US President Barack Obama has led tributes from world leaders, praising Mr Yar’Adua’s “profound personal decency and integrity” and his “passionate belief in the vast potential and bright future of Nigeria’s 150 million people“.

Zimbabwean Prime Minister Morgan Tsvangirai described it as “a great loss for Nigeria“.

Kenyan President Mwai Kibaki said Mr Yar’Adua “bequeathed upon the people of Nigeria and Africa at large a rich legacy of integrity“.

A statement from the militant group The Movement for the Emancipation of the Niger Delta said it considered Mr Yar’Adua “a genuine peacemaker whose initiatives, humility and respect began to bring confidence to the peace process”.

His death may leave a vacuum that may not be filled,” the statement added.

Mr Yar’Adua’s election in 2007 marked the first transfer of power from one civilian president to another since Nigeria’s independence in 1960.

He promised a string of reforms in Africa’s most populous nation, including tackling corruption and reforming the inadequate energy sector and flawed electoral system.

Analysts say he made the most progress in tackling unrest in the oil-rich Niger Delta by offering amnesties to rebels.

He had been absent from the political scene since November, when he went to a hospital in Jeddah, Saudi Arabia, for several months.

Political limbo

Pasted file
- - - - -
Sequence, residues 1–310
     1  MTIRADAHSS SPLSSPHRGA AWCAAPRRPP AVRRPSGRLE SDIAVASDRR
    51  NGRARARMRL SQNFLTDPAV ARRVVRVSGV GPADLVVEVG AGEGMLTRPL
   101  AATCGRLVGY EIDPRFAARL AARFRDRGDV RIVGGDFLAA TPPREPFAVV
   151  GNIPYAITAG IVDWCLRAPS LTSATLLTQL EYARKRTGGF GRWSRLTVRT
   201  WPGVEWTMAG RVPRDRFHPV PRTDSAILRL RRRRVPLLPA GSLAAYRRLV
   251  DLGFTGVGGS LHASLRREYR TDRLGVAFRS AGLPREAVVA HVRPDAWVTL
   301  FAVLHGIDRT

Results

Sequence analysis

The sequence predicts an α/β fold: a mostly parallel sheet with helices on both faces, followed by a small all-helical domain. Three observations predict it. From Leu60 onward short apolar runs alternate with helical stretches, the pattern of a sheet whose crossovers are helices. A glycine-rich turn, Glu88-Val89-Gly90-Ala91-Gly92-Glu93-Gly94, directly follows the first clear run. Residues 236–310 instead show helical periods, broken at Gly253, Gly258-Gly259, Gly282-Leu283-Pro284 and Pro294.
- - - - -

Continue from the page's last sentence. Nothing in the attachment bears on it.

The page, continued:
During that time he was not heard from, apart from a BBC interview. He returned to Nigeria in February but remained too sick to govern.

Mr Yar'Adua was credited with easing tensions in the Niger Delta

Mr Yar'Adua was credited with easing tensions in the Niger Delta

A presidential spokesman said at the time that he was being treated for acute pericarditis, an inflammation of the lining around the heart.

His long absence and the lack of detailed information about his health led to a political limbo in Nigeria, which was only filled when Mr Jonathan was named as acting president.

However, there was constant tension between Mr Yar’Adua’s supporters, from the Muslim north, and those of Mr Jonathan, from the largely Christian south, and in March Mr Jonathan dissolved the cabinet and later put his own team in place.

During Mr Yar’Adua’s absence, Nigerian Nobel prize-winning author Wole Soyinka was involved in the campaign to resolve the power vacuum.

On Thursday he said Mr Yar’Adua’s illness had been manipulated by politicians who he said had concealed the fact he was in a vegetative state while making arrangements for the forthcoming election.

He told the BBC the late president had been a victim of a macabre game over his succession and not been allowed to be ill in dignity.

The BBC’s Caroline Duffield in Jos, central Nigeria, says President Yar’Adua will be fondly remembered as a quiet and softly-spoken man whose integrity was respected.

But in his last months, it was clear he was too ill to take decisions himself.

His family and closest political advisers had faced severe criticism and were accused of using him to hold on to power, says our correspondent.

BBC News

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  • sir, hown sir ur day and U.S. i pray for his grace to help u pilote the Nation at large amen…i wish i can hear from u….sir

    24th May 2010